The Chinese diet, long known for its emphasis on grains, vegetables, fruits, and legumes, has fueled the perception that Chinese food is healthy. Unfortunately for our waistlines, we have significantly altered this healthy diet, with the end result being what we currently see on the menu at our local Chinese restaurant.
So how can you still enjoy Chinese food without packing on the pounds? Here are a few pointers to help you navigate the menu:
AVOID THE FRIED: I know this sounds obvious, but the point is that you can enjoy Chinese food without going for fried foods. If you do anything, avoid “deep fried” completely. Deep-fried dishes like Sweet and Sour Chicken, Sesame Chicken, and my favorite, General Tso, can pack over 1000 calories and about 70 grams of fat! While you’re at it, be wary of stir-fried dishes, too. Trust me, they’re not using a tablespoon of oil like you do at home. Aside from the oil, these dishes are usually fairly nutritious.
SPEAK UP: Most Chinese food is made to order, so ask for your food steamed. If you can’t bring yourself to take it that far, ask the server to have the dish prepared with little or no oil. If you’re clear and insistent, you can get them to keep out much of the oil. You can also request that chicken or fish be used in place of red meat in your favorite dishes, and for extra green veggies as a side. Avoid meals that are described as breaded or contain eggs or nuts, or at least ask to have these high calorie items left out.
KEEP IT BROWN AND STEAMED: If it’s available, choose brown rice instead of white rice for extra fiber, and order steamed rice — not fried rice. Aside from the obvious, fried rice also contains a lot of egg, which adds more calories, fat, and cholesterol. Choosing steamed rice trims 13 to 20 fat grams (about 3 to 4 teaspoons of oil). But just because it’s brown doesn’t mean you can go to town — it still has calories. The steamed stuff packs about 217 calories per cup, so watch those portion sizes!
WATCH THE SAUCE: Don’t just dump the main dish onto the rice. Use a fork to get the veggies and meat on top of it, leaving the pool of fatty sauce behind. Try not to “drink” the sauce that comes with your dish — this is the primary source of fat in most instances. By using chopsticks or a fork, you can leave more of the calorie-laden sauce on the serving plate and not in your belly. Or even better, how about ordering the dish steamed with garlic and herbs, and have the sauce on the side? This way you can dole it out consciously. In a cup and a half, a typical brown sauce has about 255 calories, 7.5 g fat, and 41 g carbohydrate, whereas a black bean sauce contains as much as 358 calories, 30 g fat, and 14 g carbohydrate for a cup and a half serving.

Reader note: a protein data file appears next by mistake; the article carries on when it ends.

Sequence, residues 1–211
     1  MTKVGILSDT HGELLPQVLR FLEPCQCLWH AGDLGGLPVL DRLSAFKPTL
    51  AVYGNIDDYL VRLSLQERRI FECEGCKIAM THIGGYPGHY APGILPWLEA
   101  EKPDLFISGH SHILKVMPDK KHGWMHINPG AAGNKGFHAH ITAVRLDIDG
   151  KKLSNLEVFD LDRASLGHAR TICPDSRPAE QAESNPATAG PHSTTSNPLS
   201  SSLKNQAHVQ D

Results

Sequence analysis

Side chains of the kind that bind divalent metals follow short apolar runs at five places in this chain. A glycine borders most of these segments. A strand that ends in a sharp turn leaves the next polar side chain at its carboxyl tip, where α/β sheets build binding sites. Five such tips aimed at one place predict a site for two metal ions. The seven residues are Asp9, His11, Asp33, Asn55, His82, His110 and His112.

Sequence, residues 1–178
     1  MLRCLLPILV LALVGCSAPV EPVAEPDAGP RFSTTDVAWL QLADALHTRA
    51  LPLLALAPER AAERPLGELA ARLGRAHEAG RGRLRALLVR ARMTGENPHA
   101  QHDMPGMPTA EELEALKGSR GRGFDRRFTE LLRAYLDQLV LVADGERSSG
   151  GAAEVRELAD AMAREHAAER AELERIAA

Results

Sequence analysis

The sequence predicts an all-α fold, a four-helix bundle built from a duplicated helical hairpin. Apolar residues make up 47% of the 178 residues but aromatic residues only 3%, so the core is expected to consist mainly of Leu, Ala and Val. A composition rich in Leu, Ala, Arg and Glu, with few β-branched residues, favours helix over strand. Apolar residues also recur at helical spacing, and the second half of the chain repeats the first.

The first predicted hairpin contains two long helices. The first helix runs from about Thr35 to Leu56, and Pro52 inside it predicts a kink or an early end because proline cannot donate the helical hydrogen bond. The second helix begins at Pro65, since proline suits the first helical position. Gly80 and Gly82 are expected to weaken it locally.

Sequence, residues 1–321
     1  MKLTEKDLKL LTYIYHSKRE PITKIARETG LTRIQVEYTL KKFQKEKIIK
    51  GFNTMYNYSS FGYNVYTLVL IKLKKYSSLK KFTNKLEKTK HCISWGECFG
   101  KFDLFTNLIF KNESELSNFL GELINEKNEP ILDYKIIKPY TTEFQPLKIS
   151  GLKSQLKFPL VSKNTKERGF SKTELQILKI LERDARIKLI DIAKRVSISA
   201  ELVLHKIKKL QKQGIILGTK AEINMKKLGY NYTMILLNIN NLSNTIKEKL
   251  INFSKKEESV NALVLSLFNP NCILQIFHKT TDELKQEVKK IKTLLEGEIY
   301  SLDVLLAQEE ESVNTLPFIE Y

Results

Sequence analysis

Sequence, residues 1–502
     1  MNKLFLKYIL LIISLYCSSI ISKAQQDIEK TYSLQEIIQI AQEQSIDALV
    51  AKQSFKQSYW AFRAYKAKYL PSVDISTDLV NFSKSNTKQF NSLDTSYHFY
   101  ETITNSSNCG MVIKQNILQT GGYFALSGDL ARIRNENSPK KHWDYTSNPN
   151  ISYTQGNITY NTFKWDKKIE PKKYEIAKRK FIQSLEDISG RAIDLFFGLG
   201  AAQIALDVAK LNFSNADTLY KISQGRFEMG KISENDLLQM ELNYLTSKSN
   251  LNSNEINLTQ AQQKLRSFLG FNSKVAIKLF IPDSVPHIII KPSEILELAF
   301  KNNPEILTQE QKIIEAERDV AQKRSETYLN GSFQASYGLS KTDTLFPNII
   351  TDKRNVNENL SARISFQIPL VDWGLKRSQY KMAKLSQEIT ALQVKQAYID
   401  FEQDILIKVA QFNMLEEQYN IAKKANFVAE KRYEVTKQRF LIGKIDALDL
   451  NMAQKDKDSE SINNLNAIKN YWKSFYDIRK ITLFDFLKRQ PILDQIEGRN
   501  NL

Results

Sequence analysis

EXTRA VEGGIES: Order a few sides of vegetables steamed in garlic and herbs. You can mix them with your main dish — a welcome addition to any stir-fried food. And because the veggies increase the portion size, the entree will serve more people while also cutting back on overall calories.
CUT THE CRISPIES: Watch out for those crispy things they put on the table. Whether it’s colorful shrimp toast or crunchy Chinese noodles, they’ve all been fried. Just a single cup of chow mein noodles has 237 calories with nearly 14 g fat and 26 g carbohydrate — and you can probably eat significantly more than 1 cup waiting for your main dish to arrive. Three pieces of shrimp toast contain 222 calories and a whopping 14 g fat, plus 16 g carbohydrate, and that’s before the actual entree! Also, watch where you dip those noodles. Saucy Susan Duck Sauce has 80 calories, 0 g fat, and 19 g carbohydrate for just 2 tablespoons.
DON’T GO NUTS: While many nuts have health benefits, they are very high in fat and calories. Since most Chinese dishes are already fattening, it’s a good idea to stay away from these menu items. At the very least, ask the kitchen to go light on the nuts — even just a few nuts can go a long way in enhancing taste and flavor. Ten peanuts have about 51 calories, 4 g fat, and 2 g carbohydrate. Ten cashews (which are bigger than peanuts) have about 91 calories, 8 g fat, and 4.5 g carbohydrate.
ADD SOUP: Soup can be a great way to fill up as long as you choose carefully. Plus, the serving sizes tend to be small, so you are less likely to overdo it. Start out your meal with a bowl of hot and sour soup. One cup contains only 160 calories, 8 g fat, and 5 g carbohydrate — wonton soup is slightly higher at 182 calories, 7 g fat, and 14 g carbohydrate per cup. And despite its name, egg drop soup (without noodles) is the best deal with only 70 calories, 3 g fat, and 3 g carbohydrate per cup.
PORTION DISTORTION: Most Chinese restaurants in America are independently owned, and therefore portions vary from place to place. Keep in mind that many dishes are meant to be shared with at least one other person. A typical order of Chinese food can be more than 4 cups!
SODIUM: Chinese food tends to be very high in sodium. Stay away from anything made with soy sauce; even the reduced-sodium soy sauce contains over 500 mg of sodium per tablespoon. Skip the soup too, since it’s rare to find a low-sodium soup at a Chinese place.
WATCH THE FRUIT: This means anything orange- or lemon-flavored. Their fruity names might imply a nutritious choice, but in fact, these types of dishes usually involve deep-fried meats covered in a citrus-flavored sauce, which may also contain oil.